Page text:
MD Anderson Division of Diagnostic Imaging, Houston
Project: Interventional Ultrasound—Improving Patient Access
Neuro-Interventional Ultrasound (NIR), a specialty diagnostic clinic, embarked on a project to reduce the 25-day backlog for NIR-guided head and neck scans and biopsies. The department completes approximately 10,500 procedures per year.
Following department changes implemented in July 2011, significant success was observed and measured: The average time to the next appointment for diagnostic ultrasound and biopsy decreased from over 25 days to one day; the number of daily patient appointment slots increased from 38 to 55; and room utilization improved with the time to perform one complete study decreasing 6.6 minutes. Also, patient wait-times decreased by two minutes.
The total effort of the team members was analyzed using a time-driven based costing methodology. Initial project development labor cost was $3905.85 with sustainment personnel costs of $0.
Project improvements resulted in four additional procedures in the current year. By modifying the scheduling templates, increasing the number of available time slots, and changing process flow, this project resulted in improved access and efficiency for all referred patients. The project aims were met, and should be sustainable. The project resulted in financial gains with a net present value (three years) of more than $275,000.
Radiology Consultants of Iowa, Cedar Rapids, Iowa
Project: Iowa Rural Health Telecommunications Project (IRHTP)
Radiology Consultants of Iowa (RCI) is a professional radiology group that provides services to 14 hospitals in eastern Iowa, 12 of which are considered critical access hospitals. RCI operates a shared PACS/RIS/dictation system with 10 hospital partners. RCI was challenged to implement appropriate communications (speed and access) that support its goals of rapid turn-around time for final reports.
In 2007, RCI started working with the Iowa Hospital Association and focused on a Federal Communications Commission grant that provides the resources to implement a statewide fiber network. One of the challenges implementing such a project is securing buy in from participating hospitals.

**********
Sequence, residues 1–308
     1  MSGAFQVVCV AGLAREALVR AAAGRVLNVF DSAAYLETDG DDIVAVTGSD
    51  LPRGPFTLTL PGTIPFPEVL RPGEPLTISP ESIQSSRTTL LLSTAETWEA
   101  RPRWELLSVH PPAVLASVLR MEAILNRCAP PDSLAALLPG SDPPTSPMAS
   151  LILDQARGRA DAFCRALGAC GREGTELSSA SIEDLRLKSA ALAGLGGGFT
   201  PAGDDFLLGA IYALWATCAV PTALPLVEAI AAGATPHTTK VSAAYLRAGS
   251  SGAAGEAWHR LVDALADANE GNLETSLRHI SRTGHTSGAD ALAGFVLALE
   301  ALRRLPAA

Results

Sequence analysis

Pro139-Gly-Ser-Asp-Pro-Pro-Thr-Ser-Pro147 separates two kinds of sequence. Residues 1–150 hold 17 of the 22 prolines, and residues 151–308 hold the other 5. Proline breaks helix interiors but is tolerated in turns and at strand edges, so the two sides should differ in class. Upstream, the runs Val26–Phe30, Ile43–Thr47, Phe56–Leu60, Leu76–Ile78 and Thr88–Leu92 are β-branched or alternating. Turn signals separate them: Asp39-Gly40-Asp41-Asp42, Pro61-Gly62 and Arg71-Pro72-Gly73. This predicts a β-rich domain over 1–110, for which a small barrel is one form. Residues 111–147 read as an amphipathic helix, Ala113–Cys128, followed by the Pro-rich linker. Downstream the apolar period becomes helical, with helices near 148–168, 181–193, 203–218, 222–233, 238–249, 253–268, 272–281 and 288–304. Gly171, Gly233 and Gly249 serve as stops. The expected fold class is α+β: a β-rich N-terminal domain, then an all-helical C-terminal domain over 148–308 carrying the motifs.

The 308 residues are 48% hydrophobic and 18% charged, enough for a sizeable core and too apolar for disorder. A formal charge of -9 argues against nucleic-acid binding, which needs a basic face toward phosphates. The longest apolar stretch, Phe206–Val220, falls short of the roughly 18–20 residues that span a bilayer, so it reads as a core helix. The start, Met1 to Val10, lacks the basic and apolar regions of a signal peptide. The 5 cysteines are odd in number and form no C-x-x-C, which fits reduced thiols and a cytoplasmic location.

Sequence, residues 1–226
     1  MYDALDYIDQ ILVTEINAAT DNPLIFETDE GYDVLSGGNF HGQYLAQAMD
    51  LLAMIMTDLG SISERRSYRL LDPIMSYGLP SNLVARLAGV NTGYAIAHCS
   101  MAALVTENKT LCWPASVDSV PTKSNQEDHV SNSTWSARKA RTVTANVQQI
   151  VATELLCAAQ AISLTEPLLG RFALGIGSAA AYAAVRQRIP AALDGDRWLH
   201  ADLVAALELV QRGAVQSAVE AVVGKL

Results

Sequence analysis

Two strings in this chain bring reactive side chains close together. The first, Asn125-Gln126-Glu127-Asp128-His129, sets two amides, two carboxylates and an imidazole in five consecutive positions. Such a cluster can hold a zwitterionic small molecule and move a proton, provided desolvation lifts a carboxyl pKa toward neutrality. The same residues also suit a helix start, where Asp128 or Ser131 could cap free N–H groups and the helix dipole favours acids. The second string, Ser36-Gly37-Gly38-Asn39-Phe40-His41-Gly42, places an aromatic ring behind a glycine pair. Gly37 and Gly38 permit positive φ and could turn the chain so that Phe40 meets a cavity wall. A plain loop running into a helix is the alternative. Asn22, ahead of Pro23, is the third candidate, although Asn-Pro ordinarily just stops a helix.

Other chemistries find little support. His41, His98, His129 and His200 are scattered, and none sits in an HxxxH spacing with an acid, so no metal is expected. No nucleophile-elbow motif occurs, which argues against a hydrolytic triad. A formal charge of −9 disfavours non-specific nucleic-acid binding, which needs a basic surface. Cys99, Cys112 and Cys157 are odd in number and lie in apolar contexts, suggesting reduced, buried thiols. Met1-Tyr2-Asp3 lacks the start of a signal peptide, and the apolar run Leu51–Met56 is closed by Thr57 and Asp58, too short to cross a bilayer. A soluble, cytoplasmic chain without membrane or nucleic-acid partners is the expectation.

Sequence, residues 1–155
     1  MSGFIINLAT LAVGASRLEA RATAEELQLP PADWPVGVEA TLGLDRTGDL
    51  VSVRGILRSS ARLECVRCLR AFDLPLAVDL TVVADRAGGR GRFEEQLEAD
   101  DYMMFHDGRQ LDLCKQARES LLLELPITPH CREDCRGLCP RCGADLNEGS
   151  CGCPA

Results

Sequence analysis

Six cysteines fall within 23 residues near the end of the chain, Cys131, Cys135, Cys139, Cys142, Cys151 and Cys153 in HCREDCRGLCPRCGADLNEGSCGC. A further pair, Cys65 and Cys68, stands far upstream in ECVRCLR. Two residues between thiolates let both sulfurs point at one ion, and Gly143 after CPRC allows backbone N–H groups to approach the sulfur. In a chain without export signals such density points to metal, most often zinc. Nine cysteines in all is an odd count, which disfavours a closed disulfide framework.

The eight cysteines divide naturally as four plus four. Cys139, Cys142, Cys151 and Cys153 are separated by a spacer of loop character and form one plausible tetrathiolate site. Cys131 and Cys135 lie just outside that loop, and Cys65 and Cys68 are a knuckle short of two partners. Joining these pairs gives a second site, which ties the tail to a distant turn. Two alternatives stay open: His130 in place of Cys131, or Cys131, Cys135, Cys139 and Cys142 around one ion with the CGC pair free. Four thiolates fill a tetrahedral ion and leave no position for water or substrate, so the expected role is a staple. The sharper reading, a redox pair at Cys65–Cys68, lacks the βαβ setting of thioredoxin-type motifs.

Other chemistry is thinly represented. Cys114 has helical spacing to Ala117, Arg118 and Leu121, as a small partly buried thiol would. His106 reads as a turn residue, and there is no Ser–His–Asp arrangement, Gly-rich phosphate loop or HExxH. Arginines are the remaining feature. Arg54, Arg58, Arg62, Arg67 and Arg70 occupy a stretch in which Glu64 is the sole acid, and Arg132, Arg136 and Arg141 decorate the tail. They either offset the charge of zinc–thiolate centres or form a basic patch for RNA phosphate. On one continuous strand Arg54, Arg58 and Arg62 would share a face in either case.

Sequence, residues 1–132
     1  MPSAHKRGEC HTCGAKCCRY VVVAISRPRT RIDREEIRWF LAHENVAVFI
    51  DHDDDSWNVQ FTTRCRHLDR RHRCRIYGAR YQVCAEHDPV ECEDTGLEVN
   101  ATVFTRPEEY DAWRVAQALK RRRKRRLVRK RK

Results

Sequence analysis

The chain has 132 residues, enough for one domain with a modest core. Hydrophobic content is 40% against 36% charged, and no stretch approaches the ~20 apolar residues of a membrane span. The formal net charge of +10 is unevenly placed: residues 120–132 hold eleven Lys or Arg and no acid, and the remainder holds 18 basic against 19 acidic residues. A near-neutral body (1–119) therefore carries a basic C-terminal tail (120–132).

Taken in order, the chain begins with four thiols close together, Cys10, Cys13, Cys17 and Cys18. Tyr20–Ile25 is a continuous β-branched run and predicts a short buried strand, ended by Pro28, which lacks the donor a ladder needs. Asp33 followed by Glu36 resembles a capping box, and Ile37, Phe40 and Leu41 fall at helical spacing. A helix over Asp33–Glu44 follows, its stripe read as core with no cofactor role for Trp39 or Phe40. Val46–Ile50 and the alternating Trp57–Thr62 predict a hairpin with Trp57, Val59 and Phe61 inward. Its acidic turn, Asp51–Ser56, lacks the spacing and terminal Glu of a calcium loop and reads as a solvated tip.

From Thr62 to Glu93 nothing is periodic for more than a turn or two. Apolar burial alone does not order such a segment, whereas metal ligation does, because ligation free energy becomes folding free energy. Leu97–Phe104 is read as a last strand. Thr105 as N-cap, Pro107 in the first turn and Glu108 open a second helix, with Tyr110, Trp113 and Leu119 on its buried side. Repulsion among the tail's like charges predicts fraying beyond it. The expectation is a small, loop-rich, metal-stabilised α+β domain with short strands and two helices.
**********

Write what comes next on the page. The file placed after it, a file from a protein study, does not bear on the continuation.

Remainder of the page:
RCI completed the project in August 2011, at which time eight rural hospitals chose to participate. They now have a secure, high-speed, private fiber network. Patient care, safety and department efficiency has been impacted significantly. Report turn-around time has been reduced from hours to minutes and the group is now providing more sub-specialty interpretations. Radiologist wait time to read exams from home has dropped significantly as well.
St. Louis Children's Hospital, St. Louis
Project: Flight Data Recorder for Interventional Radiology
The opening of a Pediatric Interventional Radiology suite offered the opportunity to form a new team. The suite included a recording system analogous to the flight data recorders on modern aircraft. While the team has strived to minimize radiation use during fluoroscopic procedures, the recording system is increasingly being used to score efforts to optimize each exposure. This goal received a boost in April 2011 when the equipment was upgraded to capture details of each radiation exposure recorded in DICOM-SR files.
The recording system provided a rigorous method of scoring timeouts. The reviewer can replay segments to confirm a scoring decision and the facility recently found greater than 95 percent concordance when different reviewers scored the same timeout. Over a 24-month period, the average timeout score has risen from 68 to 96. The time required to complete the timeout is typically 45 seconds.
Work is underway to combine the recordings with the DICOM-SR data to create a library of desired behaviors as well as failure modes. This resource will help the team and collaborators develop shared models of what constitutes optimal and non-optimal radiation use.